This single author manuscript describes the treatment of 300 women with psychological problems. The women were randomised to either therapy or pharmacological intervention, and this study reports the relative effectiveness of these strategies.
At submission, the manuscript did not contain any mention of ethics approval, consent or trial registration. When the author was queried on these issues, he claimed that the study was performed ethically, but that he did not have ethical approval because he did the study privately, and is not associated with any organization or institution. Since he had listed his affiliation with university X, we questioned how he had access to these patients. The author responded that he runs a private practice, and that he wanted to mention university X out of “personal interest”, and to please remove the name of the institution from his submission.
This author does not have a Scopus or PubMed record, or an institutional email address. Upon searching for his email address in Google, we identified two papers that appear to have been published by this author in journal A and journal B, neither of which is indexed in Scopus or PubMed.
We have contacted university X through their general email address to alert them of this individual, since he appears to be using their name in an unauthorized context, but have not received a response. We contacted the author to express our concerns and inform him that we would keep his file open until the issue has been resolved, but received no response. We attempted to contact the author’s medical council to report this individual, but were unable to find contact information as their website is not in English. We also contacted journal A and journal B to notify them of our concerns, in the event that they also wished to investigate this author; neither journal has responded.
Two months later, we re-sent the notification to university X general email address and received an out of office response.
We would greatly appreciate any suggestions on whether there is anything further we can do other than to reject the manuscript.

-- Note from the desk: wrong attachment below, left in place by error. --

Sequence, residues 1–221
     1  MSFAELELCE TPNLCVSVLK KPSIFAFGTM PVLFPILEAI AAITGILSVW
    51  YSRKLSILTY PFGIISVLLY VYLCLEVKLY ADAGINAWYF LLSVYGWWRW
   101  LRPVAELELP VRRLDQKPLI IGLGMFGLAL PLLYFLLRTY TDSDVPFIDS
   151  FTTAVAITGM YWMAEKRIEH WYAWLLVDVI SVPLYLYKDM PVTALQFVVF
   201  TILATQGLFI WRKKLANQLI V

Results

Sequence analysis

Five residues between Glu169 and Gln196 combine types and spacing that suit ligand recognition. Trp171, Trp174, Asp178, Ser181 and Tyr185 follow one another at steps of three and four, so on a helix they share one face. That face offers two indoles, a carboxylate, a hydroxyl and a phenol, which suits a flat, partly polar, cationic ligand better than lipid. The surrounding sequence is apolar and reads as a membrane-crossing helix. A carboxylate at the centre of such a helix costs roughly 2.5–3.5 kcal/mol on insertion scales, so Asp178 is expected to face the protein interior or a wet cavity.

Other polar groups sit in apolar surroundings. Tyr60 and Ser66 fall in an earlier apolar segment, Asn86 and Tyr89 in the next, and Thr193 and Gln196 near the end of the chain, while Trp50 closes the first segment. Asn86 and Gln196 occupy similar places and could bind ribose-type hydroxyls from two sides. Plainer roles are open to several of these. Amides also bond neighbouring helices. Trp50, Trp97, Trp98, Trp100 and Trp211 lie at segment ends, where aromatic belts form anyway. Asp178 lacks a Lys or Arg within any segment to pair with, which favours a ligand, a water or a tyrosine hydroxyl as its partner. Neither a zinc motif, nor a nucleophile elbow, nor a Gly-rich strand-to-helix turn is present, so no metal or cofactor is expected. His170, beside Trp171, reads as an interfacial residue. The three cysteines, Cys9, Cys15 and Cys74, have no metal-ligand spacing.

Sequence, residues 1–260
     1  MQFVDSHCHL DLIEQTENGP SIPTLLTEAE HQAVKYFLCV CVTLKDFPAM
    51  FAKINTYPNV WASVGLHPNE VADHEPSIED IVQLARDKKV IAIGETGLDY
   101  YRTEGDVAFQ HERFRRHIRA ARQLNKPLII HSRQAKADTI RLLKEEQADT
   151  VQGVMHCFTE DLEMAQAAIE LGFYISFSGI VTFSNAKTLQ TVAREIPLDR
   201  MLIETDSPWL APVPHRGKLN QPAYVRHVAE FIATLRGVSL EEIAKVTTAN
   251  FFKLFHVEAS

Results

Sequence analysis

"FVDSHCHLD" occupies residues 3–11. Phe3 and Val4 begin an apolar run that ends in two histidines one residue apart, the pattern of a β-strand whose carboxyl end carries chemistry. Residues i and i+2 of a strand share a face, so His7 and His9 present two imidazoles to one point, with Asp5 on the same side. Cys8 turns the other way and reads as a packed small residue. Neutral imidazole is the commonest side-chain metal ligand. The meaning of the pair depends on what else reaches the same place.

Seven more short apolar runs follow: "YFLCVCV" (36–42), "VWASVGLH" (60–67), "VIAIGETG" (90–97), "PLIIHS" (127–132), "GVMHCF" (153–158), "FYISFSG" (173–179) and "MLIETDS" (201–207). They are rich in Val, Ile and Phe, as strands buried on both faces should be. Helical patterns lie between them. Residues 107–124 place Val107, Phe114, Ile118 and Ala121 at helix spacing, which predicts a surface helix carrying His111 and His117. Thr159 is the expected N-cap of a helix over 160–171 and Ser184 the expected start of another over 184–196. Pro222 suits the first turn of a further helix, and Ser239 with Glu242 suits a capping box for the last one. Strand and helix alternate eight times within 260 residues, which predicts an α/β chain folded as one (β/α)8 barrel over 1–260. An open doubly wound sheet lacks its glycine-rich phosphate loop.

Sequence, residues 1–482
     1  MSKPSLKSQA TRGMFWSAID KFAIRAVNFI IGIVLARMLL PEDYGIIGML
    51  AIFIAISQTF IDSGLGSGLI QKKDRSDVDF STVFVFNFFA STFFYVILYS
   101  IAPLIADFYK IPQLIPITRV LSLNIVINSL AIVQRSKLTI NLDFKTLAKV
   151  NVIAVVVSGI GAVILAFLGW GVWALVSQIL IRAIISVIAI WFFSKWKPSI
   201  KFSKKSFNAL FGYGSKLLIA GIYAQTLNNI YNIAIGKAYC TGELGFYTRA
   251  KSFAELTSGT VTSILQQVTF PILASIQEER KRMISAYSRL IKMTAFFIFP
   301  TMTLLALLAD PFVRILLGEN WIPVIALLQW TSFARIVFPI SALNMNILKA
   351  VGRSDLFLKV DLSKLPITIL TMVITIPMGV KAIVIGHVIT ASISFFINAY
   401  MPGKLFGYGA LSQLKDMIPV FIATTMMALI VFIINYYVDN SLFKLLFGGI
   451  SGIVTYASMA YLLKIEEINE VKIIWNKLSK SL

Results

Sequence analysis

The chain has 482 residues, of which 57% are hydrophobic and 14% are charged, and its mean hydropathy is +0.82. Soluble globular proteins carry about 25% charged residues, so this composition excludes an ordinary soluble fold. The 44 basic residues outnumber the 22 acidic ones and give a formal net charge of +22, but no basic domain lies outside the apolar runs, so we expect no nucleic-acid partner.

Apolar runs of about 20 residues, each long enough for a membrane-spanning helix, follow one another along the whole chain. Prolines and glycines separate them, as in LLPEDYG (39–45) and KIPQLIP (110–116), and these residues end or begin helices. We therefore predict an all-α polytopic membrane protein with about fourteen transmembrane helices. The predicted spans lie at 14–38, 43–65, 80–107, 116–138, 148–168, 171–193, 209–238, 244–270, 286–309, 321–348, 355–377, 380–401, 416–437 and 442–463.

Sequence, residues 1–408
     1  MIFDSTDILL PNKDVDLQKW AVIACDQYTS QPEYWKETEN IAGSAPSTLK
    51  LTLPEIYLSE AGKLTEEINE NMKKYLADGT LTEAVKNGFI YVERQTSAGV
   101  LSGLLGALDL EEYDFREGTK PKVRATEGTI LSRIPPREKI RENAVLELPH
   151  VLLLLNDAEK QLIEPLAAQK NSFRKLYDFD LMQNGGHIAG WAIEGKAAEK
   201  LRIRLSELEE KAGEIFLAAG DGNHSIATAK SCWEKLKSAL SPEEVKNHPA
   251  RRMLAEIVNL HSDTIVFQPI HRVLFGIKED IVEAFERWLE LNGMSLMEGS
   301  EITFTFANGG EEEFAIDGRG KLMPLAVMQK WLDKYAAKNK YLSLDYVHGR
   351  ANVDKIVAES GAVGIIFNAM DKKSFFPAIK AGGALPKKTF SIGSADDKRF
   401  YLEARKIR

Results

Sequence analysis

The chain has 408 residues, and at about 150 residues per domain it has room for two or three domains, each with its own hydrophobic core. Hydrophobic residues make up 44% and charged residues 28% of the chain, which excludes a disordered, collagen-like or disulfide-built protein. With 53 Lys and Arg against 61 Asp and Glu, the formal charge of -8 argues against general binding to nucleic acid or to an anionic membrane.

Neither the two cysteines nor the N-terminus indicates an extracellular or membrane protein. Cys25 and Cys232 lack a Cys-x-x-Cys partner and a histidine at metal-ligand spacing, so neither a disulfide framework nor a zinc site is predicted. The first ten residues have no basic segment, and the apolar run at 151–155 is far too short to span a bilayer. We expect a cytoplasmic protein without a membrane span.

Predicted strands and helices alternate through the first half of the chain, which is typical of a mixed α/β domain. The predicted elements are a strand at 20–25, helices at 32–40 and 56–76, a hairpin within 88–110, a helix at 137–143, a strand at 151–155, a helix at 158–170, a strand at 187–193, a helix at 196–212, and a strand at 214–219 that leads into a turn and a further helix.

The Forum suggested that the editor has a duty to pursue this further and to continue to try and make contact with the author and the institution. Suggestions were to send an email to a specific person or department at the institution, not just use the general institution email; find out the name of the vice-chancellor or head of the department; locate a phone number or email contact for the secretariat in charge of the department; find someone to translate the information on the website. The university needs to know that their name is being used in this context by this author, and they need to start an investigation. The Forum also advised contacting journals A and B again. Are there any co-authors on the other papers? If so, the editor should try to contact them. Does the journal have any editorial board members in this country who could tell the editor the relevant person to contact?
If the editor still gets no response, another suggestion was for him to write an editorial on this issue.
Based on advice from the COPE forum, we have again attempted to contact the institution through their general email address—we have still not been successful in identifying a personal contact at the institution. Our next step will be to find someone to help us translate the website or an editorial board member who may be able to help us identify a committee or other point of contact in the author’s region.